A NetBIOS name resolution method in which broadcast messages are used for name registration and resolution. B-node is one of the NetBIOS name resolutions supported by Microsoft Windows NT and Windows 2000.
Name resolution is the process of converting the name of a host on the network into a network address (such as an IP address). Name resolution must be performed in order to establish communication over a network in Windows. B-node is one of four basic methods supported by Windows for resolving NetBIOS host names—that is, computer names—into IP addresses.
If a computer running Windows is configured as a B-node machine, it always uses broadcasts to resolve names of other hosts on the network. For example, if a B-node machine wants to communicate with another machine with the NetBIOS name SERVER7 (for example, if it wants to connect to a shared resource on SERVER7), the B-node machine broadcasts a packet containing a NetBIOS name query request. If SERVER7 receives the packet, it responds by returning a frame containing its IP address. If SERVER7 is off line or fails to return a response, the B-node client will be unable to establish a connection with SERVER7.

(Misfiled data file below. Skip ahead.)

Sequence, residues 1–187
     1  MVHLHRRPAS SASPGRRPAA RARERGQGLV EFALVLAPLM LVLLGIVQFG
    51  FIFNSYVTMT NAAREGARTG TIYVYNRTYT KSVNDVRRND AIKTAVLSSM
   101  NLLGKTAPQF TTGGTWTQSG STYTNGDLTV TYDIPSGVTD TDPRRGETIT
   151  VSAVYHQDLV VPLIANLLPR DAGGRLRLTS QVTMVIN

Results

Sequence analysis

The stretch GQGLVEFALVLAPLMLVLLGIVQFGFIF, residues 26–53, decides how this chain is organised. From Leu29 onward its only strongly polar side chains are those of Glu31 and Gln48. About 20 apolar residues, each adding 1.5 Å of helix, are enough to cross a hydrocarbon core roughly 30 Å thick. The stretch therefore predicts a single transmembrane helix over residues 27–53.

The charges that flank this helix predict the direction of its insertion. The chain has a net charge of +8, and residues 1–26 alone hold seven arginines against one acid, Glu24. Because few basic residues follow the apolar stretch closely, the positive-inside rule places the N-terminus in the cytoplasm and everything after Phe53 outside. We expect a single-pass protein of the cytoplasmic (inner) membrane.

As a name resolution method, B-node is flawed in two ways:
A better approach to NetBIOS name resolution on Windows networks is to configure clients as H-node machines and use a WINS server. H-node is a NetBIOS name resolution method that combines B-node and P-node.